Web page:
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Cleary Discusses Cybersecurity and Data Privacy Developments: A Look Back on 2017 and Ahead to 2018

Over the last year, the existential risk posed by cyberattacks and data security vulnerabilities has become one of the top concerns for boards of directors, management, government agencies, and the public. 2017 was punctuated by a series of headline-grabbing breaches affecting scores of companies and hundreds of millions of individuals. At the same time, there were fast-moving changes in the regulatory landscape as regulators across the globe tried to respond to the systemic threats and protect their constituents, while not imposing crippling costs on businesses. Of particular note, the New York Department of Financial Services (“DFS”) cybersecurity regulations went into effect in 2017 and many companies spent significant resources preparing for the implementation of the European Union’s General Data Protection Regulation (“GDPR”), which goes into effect in May 2018. There were also other important legal developments, including record-breaking civil and regulatory settlements by companies that had suffered major breaches, while U.S. courts have been grappling with unique standing and privilege issues raised in the context of cyber-related litigation.

This memo surveys some of the key cybersecurity and data privacy developments of 2017, including the major data breaches and cyberattacks, regulatory and legislative actions, and notable settlements and court decisions, with an eye towards what may be in store in 2018.

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Major Cyberattacks and Big Settlements in 2017: The New Norm?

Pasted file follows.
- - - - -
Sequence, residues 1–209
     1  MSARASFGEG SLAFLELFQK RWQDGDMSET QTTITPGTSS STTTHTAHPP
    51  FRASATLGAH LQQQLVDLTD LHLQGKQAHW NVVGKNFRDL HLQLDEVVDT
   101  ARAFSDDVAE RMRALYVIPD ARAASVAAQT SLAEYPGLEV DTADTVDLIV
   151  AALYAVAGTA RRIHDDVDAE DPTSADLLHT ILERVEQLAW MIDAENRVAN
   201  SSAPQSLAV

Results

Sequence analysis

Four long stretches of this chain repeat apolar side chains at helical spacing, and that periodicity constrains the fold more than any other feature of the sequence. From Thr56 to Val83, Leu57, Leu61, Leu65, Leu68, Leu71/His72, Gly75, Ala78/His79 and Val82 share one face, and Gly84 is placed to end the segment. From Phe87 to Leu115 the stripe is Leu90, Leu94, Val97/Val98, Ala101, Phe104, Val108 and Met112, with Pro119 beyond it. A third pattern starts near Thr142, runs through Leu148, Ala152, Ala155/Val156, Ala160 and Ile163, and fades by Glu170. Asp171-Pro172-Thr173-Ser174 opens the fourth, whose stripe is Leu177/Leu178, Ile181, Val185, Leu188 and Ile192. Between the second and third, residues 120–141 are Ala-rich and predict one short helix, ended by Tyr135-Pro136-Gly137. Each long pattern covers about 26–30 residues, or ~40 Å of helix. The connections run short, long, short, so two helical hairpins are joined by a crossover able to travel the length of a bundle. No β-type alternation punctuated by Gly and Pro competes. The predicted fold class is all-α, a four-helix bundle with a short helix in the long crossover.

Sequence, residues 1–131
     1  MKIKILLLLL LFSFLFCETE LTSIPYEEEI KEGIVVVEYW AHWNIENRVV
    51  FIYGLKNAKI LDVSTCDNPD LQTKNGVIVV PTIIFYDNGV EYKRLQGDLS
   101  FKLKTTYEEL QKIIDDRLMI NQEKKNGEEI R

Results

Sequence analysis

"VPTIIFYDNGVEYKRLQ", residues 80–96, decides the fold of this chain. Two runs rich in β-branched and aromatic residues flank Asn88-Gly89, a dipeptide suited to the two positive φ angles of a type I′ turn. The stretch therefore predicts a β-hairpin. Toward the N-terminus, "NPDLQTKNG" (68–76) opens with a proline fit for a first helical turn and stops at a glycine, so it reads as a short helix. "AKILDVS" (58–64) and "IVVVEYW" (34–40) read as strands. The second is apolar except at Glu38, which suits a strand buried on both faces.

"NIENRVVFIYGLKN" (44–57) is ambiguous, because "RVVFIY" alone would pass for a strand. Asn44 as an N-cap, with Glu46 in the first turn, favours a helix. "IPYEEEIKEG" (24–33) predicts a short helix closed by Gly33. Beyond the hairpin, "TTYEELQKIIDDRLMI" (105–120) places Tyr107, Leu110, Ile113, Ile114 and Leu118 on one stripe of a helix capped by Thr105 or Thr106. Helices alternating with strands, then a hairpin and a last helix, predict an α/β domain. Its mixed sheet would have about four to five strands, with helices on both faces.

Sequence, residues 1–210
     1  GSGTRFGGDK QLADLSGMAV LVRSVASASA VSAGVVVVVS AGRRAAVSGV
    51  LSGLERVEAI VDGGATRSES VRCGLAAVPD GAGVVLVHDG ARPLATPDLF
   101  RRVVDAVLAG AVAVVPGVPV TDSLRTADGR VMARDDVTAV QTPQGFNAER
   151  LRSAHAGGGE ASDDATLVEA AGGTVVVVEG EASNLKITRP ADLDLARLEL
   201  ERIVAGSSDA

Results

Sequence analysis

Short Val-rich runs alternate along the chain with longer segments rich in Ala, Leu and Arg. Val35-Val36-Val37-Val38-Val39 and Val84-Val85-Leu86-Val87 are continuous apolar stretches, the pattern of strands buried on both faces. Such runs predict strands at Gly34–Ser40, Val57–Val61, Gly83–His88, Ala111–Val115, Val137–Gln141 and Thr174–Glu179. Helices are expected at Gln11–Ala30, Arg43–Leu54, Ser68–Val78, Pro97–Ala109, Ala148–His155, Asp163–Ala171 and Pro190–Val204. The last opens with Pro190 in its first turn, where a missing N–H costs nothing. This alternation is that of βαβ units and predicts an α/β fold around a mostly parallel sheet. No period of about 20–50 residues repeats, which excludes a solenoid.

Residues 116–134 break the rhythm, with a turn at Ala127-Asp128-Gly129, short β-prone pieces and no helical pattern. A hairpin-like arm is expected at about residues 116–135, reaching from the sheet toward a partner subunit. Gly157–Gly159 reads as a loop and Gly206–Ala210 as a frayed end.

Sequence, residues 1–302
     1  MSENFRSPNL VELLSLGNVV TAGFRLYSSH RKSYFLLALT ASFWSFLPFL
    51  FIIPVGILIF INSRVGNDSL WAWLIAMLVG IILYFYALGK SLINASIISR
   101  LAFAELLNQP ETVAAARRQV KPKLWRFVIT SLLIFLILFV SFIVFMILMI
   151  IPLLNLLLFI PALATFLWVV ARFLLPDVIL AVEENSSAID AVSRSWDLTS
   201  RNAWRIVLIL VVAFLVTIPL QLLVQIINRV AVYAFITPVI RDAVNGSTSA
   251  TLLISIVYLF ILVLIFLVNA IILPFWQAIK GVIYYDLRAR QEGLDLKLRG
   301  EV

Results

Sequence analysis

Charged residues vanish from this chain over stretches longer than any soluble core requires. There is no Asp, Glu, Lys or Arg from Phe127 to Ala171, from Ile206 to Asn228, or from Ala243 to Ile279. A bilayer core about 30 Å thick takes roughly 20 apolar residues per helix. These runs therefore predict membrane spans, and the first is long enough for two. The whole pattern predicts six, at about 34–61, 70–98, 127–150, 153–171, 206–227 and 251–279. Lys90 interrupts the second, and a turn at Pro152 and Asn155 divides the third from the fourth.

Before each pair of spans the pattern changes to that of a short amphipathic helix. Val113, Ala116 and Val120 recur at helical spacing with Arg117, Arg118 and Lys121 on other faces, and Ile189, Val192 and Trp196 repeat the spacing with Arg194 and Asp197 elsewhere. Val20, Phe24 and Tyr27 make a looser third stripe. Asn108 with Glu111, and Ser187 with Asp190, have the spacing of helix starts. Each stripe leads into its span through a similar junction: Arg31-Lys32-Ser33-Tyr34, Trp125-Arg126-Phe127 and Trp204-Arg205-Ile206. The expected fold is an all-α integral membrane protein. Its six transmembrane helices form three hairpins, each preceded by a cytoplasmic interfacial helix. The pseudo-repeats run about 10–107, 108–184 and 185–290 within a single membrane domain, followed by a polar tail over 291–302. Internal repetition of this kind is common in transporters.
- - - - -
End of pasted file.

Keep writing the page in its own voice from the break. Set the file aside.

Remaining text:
2017 will likely be remembered as the year that the worst-case cyberattacks, which experts have been warning about for several years, came closer to reality than ever before. These mega-attacks drove the conversation among cybersecurity experts and were looming in the background of actions taken by the private sector, regulators, and courts. Some of the year’s more notable incidents included:

Other major breach announcements in 2017 included Verizon, Yahoo!, K-Mart, and Whole Foods, among others. If one can make any safe predictions for 2018, it is that this trend of serial breaches will unfortunately continue and even potentially accelerate.

In addition to the data breaches that took place last year, earlier data breaches continued to make waves in 2017, as companies reached substantial settlements with private litigants and government authorities:

While these settlements were significantly larger than those in prior years, the litigation growing out of the massive breaches that took place in 2017 is likely to eclipse these settlements both in terms of dollar value and the additional data security requirements imposed on the companies that were breached.

U.S. Regulators Make Their Mark

2017 was also the year that the first comprehensive cybersecurity regulations made their debut.

The DFS cybersecurity regulations went into effect on March 1, 2017. Among other things, the regulations require institutions regulated by DFS to maintain a cybersecurity program, design an incident response plan, appoint a Chief Information Security Officer, conduct risk and vulnerability assessments, employ appropriate encryption, and certify compliance on an annual basis. Compliance with several of the requirements was mandated by August 2017 and there are additional upcoming transition deadlines for several other requirements in March 2018, September 2018, and March 2019.[8] In addition to being mandatory for covered entities, the DFS regulations have quickly become a reference point for other regulators and private entities in determining best practices in managing cybersecurity risk.

Other U.S. and state regulators were also active on the cybersecurity front in 2017:

Developments Outside of the U.S.: The GDPR and Other New Cybersecurity Regulations

Companies within and outside of the EU spent 2017 preparing for the new data security and privacy rules under the GDPR, which becomes effective on May 25, 2018. As we have previously discussed,[19] the GDPR imposes strict and far-reaching data protection and breach notification obligations, and grants broad enforcement powers to supervisory authorities. Regulated entities—which include those that operate both within and outside of the EU to the extent they process EU citizen data—are subject to potentially staggering fines, up to 4% of global revenue.